How the ‘Wandering Meatloaf’ Got Its Rock-Hard Teeth

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The gumboot chiton is not a glamorous creature. The large, lumpy mollusk creeps along the waters of the Pacific coast, pulling its reddish-brown body up and down the shoreline. It is sometimes known, not unreasonably, as “the wandering meatloaf.” But the chiton’s unassuming body hides an array of tiny but formidable teeth. These teeth, which the creature uses to scrape algae from rocks, are among the hardest materials known to exist in a living organism.

Now, a team of scientists has discovered a surprising ingredient in the chiton’s rock-hard dentition: a rare, iron-based mineral that previously had been found only in actual rocks. Tiny particles of the mineral, which is strong but lightweight, help harden the root of the mollusk’s teeth, the researchers reported in the journal PNAS on Monday.

The discovery could help engineers design new kinds of materials, according to the scientists, who provided proof-of-principle by creating a new chiton-inspired ink for 3-D printers.

A chiton feeds by sweeping its flexible, ribbonlike tongue, known as a radula, along algae-covered rocks. Its ultrahard teeth are arrayed in rows along the soft radula. A long, hollow tube, known as the stylus, anchors each tooth to the radula.

Scientists had previously discovered that the tops of chiton teeth contained an iron ore called magnetite, but knew less about the composition of the stylus. “We knew that there was iron in the upper part of the tooth,” said Linus Stegbauer, a material scientist at the University of Stuttgart, in Germany, and the paper’s first author. “But in the root structure, we had no idea what is going on in there.”

In the new study, the researchers analyzed chiton teeth using a variety of advanced imaging techniques, including several kinds of spectroscopy, which allows scientists to learn about a material’s chemical and physical properties by observing how it interacts with light and other kinds of electromagnetic radiation.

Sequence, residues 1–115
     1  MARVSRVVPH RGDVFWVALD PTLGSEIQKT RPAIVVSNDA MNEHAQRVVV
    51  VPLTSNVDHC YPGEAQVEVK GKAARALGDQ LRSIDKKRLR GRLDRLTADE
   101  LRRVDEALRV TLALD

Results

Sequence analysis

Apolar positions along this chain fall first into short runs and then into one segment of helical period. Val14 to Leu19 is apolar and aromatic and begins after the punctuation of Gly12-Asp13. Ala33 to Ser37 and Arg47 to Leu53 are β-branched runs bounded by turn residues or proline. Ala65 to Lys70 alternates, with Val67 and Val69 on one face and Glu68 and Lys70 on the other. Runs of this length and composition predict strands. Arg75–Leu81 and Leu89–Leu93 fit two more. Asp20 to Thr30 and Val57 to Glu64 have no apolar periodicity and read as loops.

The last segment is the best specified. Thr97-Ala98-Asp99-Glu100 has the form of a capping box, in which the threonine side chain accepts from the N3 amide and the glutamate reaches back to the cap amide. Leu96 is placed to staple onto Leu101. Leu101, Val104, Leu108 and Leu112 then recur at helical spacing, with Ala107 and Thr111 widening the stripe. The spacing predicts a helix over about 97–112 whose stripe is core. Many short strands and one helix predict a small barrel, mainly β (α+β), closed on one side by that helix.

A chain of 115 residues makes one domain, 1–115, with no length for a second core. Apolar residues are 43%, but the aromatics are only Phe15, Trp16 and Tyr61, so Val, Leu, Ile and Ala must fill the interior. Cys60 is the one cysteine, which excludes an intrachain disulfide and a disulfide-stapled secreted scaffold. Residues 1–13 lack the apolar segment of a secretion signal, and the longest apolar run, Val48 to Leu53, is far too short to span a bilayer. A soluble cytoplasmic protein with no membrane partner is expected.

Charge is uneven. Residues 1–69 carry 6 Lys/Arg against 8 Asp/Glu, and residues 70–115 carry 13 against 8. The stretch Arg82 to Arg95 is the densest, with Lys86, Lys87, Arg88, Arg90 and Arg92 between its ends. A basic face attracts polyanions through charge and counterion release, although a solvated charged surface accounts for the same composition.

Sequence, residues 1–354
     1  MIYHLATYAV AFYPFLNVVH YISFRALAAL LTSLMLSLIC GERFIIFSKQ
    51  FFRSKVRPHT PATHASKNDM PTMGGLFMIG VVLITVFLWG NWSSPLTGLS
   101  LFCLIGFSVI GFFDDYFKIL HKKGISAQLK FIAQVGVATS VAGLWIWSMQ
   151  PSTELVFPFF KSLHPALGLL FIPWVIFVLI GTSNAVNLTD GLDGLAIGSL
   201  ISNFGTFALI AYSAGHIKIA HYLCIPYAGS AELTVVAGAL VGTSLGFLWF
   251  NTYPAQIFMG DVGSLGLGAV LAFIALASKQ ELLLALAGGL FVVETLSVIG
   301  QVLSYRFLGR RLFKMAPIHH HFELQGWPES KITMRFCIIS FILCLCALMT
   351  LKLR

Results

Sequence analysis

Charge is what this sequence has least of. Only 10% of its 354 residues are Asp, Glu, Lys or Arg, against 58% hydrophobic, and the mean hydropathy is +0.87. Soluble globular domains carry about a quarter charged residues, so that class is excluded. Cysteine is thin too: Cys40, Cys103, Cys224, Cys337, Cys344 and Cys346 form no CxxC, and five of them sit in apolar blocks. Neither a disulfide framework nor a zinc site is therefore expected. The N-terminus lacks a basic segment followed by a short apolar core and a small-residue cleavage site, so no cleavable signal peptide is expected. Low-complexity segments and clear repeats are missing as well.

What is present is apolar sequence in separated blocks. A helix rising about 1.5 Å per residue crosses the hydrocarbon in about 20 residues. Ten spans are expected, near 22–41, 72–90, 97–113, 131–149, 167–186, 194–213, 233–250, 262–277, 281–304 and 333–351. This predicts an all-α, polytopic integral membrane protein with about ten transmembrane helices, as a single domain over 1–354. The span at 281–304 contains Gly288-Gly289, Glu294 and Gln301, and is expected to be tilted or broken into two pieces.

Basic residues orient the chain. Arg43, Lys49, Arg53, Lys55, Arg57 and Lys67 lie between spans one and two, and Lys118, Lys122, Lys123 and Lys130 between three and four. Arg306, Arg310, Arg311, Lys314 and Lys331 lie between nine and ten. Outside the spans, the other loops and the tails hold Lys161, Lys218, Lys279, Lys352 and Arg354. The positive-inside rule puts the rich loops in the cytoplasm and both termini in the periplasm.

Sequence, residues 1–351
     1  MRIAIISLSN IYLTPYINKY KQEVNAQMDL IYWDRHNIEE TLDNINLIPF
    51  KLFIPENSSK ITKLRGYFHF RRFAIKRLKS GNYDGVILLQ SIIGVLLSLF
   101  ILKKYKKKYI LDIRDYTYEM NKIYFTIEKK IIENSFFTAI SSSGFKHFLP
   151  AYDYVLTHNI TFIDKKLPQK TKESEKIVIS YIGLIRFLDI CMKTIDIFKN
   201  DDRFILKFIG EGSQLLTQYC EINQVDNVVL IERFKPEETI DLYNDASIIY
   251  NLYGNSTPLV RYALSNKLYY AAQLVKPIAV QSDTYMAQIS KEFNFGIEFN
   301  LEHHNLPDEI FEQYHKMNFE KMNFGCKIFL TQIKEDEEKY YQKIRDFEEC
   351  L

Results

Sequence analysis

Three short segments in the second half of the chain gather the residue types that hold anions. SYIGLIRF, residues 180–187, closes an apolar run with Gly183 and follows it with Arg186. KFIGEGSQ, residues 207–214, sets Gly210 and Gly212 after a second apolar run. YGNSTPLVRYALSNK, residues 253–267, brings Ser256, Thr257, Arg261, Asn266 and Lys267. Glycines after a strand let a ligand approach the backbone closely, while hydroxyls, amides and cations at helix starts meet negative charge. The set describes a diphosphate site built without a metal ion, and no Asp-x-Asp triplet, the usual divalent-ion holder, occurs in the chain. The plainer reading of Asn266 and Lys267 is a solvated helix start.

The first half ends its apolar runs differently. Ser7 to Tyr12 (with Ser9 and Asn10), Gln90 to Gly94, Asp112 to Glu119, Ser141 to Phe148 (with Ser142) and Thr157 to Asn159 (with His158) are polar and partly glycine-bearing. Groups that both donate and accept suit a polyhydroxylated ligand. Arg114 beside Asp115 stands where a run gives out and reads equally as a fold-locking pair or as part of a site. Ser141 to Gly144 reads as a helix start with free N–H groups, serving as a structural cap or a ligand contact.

The stylus, they found, contained tiny particles of some kind of iron-based mineral suspended in a softer matrix. (The matrix is made of chitin, the compound that makes up the exoskeletons of insects and crustaceans.)

After further analysis, they were stunned to discover that the mineral particles were santabarbaraite, a mineral that had never been observed in living creatures before. “It was a whole series of surprises, and then they just kept rolling in,” said Derk Joester, the senior author and a material scientist at Northwestern University.

Santabarbaraite is a hard mineral but it contains less iron and more water than magnetite, which makes it less dense. The mineral might allow the chiton to build strong, lightweight teeth while reducing their reliance on iron. “Iron is physiologically a rare material,” Dr. Joester said.

The researchers also discovered that the santabarbaraite particles were not evenly distributed throughout the entire stylus. Instead, they were concentrated at the top, closest to the surface of the tooth, and became sparser at the bottom, where the stylus connected to the soft radula. This pattern of distribution created a gradient, making the stylus stiffer and harder at the top and more pliable at the bottom.

“The organism has enormous spatial control over where the mineral goes,” Dr. Joester said. “And that’s really, I guess, what got us thinking about how this might be used to create materials. If the organism can pattern this, can we do the same?”

The researchers decided to try creating a new 3-D printer “ink” inspired by the chiton tooth. They started with a compound similar to chitin and then added two liquids: one containing iron and one containing phosphate. Mixing the ingredients together yielded a thick paste that was studded with tiny particles of a mineral similar to santabarbaraite. “And then it’s ready to be printed — you can just transfer it into your 3-D printer,” Dr. Stegbauer said.

The ink hardened as it dried, but its final physical properties depended on how much iron and phosphate were added to the mix. The more that was added, the more nanoparticles formed, and the stiffer and harder the final material became. By tweaking the recipe in this way, the researchers could create objects that were as flexible and rubbery as a squid or as stiff and hard as bone.

“It should be possible to mix the ink at a ratio that you can change immediately prior to printing,” Dr. Joester said. “And that would allow you to to change the composition, the amount of nanoparticles, and therefore the strength of the material on the fly. Meaning that you can print materials where the strength changes very dramatically over relatively short distances.”

The technique might be useful in the burgeoning field of soft robotics, allowing engineers to create machines that are hard and stiff in some places and soft and pliable in others, Dr. Joester said: “I think it would be amazing if you could print all of these gradients into the structure.”